The staff of The Birdcage in Nottingham 1966: Ian Longdon, Paul Smith and Valerie Longdon. They're wearing graphic t-shirts, a new phenomenon sold through mail-order by the satirical magazine Private Eye. The shirts were designed by Nottingham art student Dave Humby.
The story of The Birdcage ends in Marnie Fogg's book with the departure of Paul Smith, and as far as I can gather, it continued to trade at the same location until it moved elsewhere in the late 1980s, but I have no idea what became of Janet Campbell or any of the other key figures within the staff from that point onward, or how far into the next decade that it continued to exist. However, while researching the information for this post I did find an amazing array of other boutiques located within the Nottingham area which I wouldn't have been aware of otherwise, even though more boutiques opened in Nottingham during this period than in other comparatively larger cities such as Manchester and Birmingham.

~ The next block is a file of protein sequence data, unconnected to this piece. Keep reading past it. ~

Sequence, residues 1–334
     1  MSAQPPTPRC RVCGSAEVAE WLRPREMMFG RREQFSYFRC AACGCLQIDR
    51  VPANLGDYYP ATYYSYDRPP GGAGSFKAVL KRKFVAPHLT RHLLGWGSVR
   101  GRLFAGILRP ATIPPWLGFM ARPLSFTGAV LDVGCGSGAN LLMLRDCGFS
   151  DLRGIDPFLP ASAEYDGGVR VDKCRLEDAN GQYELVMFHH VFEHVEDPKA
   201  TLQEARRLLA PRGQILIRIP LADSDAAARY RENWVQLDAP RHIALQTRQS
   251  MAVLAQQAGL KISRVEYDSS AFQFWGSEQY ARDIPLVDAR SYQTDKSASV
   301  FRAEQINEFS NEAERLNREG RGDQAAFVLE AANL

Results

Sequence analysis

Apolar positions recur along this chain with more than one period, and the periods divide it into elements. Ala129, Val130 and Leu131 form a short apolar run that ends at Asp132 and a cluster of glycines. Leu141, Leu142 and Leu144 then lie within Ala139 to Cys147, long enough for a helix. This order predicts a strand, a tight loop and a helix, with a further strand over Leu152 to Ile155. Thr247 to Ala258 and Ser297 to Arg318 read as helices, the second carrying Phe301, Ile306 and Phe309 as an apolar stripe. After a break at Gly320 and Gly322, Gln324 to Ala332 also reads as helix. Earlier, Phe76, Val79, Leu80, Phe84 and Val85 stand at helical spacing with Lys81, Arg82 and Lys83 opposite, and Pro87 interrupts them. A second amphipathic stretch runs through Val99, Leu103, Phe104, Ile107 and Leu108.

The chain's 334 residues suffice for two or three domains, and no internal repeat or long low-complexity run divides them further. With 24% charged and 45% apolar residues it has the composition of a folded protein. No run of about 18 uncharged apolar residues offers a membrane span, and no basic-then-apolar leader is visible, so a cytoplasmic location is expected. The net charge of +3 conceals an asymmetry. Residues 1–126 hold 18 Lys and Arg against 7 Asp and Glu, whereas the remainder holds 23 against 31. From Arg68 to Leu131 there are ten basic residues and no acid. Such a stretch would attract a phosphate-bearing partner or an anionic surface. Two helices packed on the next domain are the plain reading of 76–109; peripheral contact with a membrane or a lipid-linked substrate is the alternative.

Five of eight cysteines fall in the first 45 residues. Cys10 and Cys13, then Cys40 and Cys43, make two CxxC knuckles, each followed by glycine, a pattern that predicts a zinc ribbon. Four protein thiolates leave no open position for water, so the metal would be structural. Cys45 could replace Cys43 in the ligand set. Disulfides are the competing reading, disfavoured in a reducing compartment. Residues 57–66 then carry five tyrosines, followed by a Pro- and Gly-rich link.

The following are just a few names and details of what I have discovered so far: Carnaby Styles―which was situated in Wheelers Gate in the early 1970s (sold Budgie Jackets, Tank Tops and Loon Pants); Pennnyfeathers owned by Mike & Shirley Benwell, would later become known as Gladrags/Backstage; Peru was run by a girl called Zena, circa 1973; Image Boutique in St Peter's Gate (sold Ossie Clark/Radley); Grapevine was situated on Goldsmith Street next to Paraphernalia; Campus was on Victoria Street (it sold Jeff Banks and Mr Freedom gear); Madcap Boutique on Carrington Street circa 1966 (ladies clothing made on the premises, shirts for guys made on request); Bus Stop (a Lee Bender outlet); Nonsuch boutique which was situated in the Bridlesmith Gate/Byard lane area (they sold hippie clothing, afghan coats etc.); Razzamatazz was on Trent Bridge; Boogaloo (no details yet); another boutique called I'll Leave It (sold high waisted flares, bowling shirts circa 1973).